Magnum Carter

Hip hop artist retirements are about as meaningful as Brett Favre in sweats so it should come as no surprise to anyone that Jay Z1 just released his fourth post-retirement LP, Magna Carta … Holy Grail (iTunes). Jay Z never ascended to the top of my all-time hip hop legends list, but I’ve always recognized his value as one of hip hop’s most broadly appealing entertainers. My sense has always been that Jay excelled at perfectly placed samples2 and breathy, sometimes stuttery hooks3, dabbling in both the boastful, party anthem and truth from the streets sides of hip-hop without ever diving completely in. I’ve seen some criticisms of this album stating that it lacks lyrical punch. My passive listening thus far hasn’t helped shed any light on that specific point, but I will say that Jay’s lyrical prowess never impressed me as much as his unique delivery and overall cool. The longevity of Jay’s career means the span of his relevancy sometimes pits him in the company of Biggie and Tupac and subsequent comparisons therein – comparisons that a living legend wouldn’t outwardly shy away from but are nonetheless patently unfair. Some critics believe every significant artist’s release should be their magnum opus, an inherently flawed opinion that would drive any sane individual to retirement papers. I’ll go out on a limb and say that this isn’t Jay Z’s magnum opus (nor his holy grail), but it definitely has some bright spots.

Before I listened to a note, the tracks I heard the most noise in the blog and twitterspheres were “Tom Ford” and “Part II (On the Run)”. Both are solid tracks, with “Part II” being the more appealing track of the two for my ears thanks, in part, to Beyonce’s appearance on the track (which is probably the reason for its relative notoriety). The beat on “Tom Ford” (the impetus for most of the praise I read), is pretty cool but the rest of the track isn’t really where Jay Z excels for me. After listening to the album for almost two days straight now, the most notable tracks are “Holy Grail”, “Oceans”, “F.U.T.W.”, and “Nickels and Dimes”. “Holy Grail” features upcoming tour-mate and controversial night-stealer Justin Timberlake singing a verse/hook that occupies at least half of the song. “Oceans” is a nice background song, offering a smooth hook courtesy of Frank Ocean, with a steady lyrical flow. “F.U.T.W.” offers up my favorite knockout opening line (“Don’t be good … be great”) and the bassy, muddled beat reminds me of RZA inspired work from the height of Wu-Tang Clan’s popularity (“C.R.E.A.M.” anyone?). “Nickels and Dimes” is probably the weakest track of the ones I’ve highlighted but, as I mentioned earlier, I’m a sucker for samples and rhymes. This concluding track lives up to HOVA’s reputation for the right hook at the right time with tight rhymes.

When Magna Carta … was released I emailed a close friend who most closely shares my musical sensibilities and asked him if it was a must-purchase. He responded by asking if I’ve ever been disappointed by a Jay Z purchase? To be fair, I only own one complete album4 so that advice proved inconclusive for me at the time. After listening to the album for a couple of days I’m ready to conclude that it’s a worthy purchase for die-hards, but might be best left to a la carte purchasing or streaming via subscription services (Rdio or Spotify) for more casual fans. It’s not a career defining album, but it is a great addition to a hall of fame worthy resume.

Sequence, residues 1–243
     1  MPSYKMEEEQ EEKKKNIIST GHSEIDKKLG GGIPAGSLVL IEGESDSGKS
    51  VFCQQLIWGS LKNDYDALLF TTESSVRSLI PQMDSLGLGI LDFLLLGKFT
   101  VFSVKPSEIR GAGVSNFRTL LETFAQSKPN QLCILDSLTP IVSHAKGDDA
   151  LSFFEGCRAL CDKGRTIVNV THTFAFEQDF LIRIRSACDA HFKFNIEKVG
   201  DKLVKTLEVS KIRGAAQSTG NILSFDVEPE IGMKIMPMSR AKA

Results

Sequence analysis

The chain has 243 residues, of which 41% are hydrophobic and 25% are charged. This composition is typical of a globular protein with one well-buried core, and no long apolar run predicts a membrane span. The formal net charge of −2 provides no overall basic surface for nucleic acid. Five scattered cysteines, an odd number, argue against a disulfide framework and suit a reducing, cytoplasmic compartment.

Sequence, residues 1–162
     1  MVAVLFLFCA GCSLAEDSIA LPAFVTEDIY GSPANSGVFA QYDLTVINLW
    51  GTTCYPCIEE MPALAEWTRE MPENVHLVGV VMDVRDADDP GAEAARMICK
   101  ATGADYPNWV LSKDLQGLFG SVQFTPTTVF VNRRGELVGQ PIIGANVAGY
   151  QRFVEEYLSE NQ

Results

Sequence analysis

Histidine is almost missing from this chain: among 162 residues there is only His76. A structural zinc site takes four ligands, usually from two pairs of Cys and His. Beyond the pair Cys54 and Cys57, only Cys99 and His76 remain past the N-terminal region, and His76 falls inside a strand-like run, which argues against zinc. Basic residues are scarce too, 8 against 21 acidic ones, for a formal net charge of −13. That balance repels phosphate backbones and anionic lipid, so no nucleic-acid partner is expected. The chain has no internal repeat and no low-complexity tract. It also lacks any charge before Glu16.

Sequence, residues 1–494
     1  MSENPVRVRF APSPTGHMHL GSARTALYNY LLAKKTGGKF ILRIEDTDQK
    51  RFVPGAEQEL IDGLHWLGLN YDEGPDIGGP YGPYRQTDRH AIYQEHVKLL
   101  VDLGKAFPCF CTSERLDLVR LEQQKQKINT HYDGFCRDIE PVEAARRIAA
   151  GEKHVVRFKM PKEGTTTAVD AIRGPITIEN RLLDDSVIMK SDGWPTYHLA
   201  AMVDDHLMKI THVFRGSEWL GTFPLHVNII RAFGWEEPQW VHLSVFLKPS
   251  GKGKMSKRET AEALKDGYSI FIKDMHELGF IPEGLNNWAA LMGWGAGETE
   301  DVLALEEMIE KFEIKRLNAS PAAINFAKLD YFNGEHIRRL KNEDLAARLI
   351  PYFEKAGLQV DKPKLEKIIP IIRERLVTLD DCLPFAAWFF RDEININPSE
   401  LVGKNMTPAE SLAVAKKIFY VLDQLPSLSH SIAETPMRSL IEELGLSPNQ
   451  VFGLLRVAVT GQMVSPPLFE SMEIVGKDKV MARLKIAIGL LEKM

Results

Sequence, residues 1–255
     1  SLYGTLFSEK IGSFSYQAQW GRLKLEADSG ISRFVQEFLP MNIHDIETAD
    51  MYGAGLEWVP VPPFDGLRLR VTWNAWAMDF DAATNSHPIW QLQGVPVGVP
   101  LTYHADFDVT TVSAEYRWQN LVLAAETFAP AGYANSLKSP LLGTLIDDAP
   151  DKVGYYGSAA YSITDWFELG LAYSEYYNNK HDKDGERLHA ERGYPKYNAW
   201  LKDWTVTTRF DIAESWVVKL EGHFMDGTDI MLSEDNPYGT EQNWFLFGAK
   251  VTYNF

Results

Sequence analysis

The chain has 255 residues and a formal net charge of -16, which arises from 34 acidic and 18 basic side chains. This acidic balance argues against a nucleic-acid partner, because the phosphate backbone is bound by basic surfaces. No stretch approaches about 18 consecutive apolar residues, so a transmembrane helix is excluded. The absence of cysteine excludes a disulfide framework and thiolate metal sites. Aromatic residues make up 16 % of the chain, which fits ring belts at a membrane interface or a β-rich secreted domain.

Rating: Notable

  1. Jay Z’s representatives have recently confirmed that his moniker is now hyphen-free
  2. “Hard Knock Life”, “Song Cry”, “’03 Bonnie & Clyde”, “Empire State of Mind”, “Young Forever”
  3. “Can I Get A …”, “Jigga My Nigga”, “Izzo (H.O.V.A.)”, “Dirt off your Shoulders”, “99 Problems”
  4. Vol. 2… Hard Knock Life, owing to its release before the Napster/iTunes a la carte era of music downloading/buying. This is also Jay Z’s all-time best selling album in the U.S., certified 5x Platinum.

Fantasy Football: How Early is Too Early?

It is that time of year when you start peaking at the position rankings and have those “I didn’t realize player X signed there…” moments. It’s when you begin thinking through strategies thanks to a dearth of A-list running backs or an abundance of quarterbacks. It’s when you begin thinking about mock drafting with the other crazies neglecting their families or killing time while we suffer through the sports wasteland of July…it’s fantasy football season, or is it? Continue reading

Essentially Men: The Cocktail

Now that you have spent some time researching that all-important big boy drink, its time to move on to the next step; a cocktail. In order to keep all of this manageable, I think its best to select a cocktail derived from your booze of choice. There are only three cocktails a man can order at a bar with any amount of pride: martini (gin or vodka), old fashioned, and the manhattan. I will, of course, allow an exception for white russians on account of The Dude.

Before, we begin discussing the selection of your cocktail, let’s first understand the cocktail. The cocktail is meant as a refreshing way to enjoy your liquor of choice. It also must have at least three ingredients, with one of those being your “spirit” of choice. I hope you have now realized that rum and coke or gin and tonic is NOT a cocktail so don’t even think about coming at me with that weak sauce.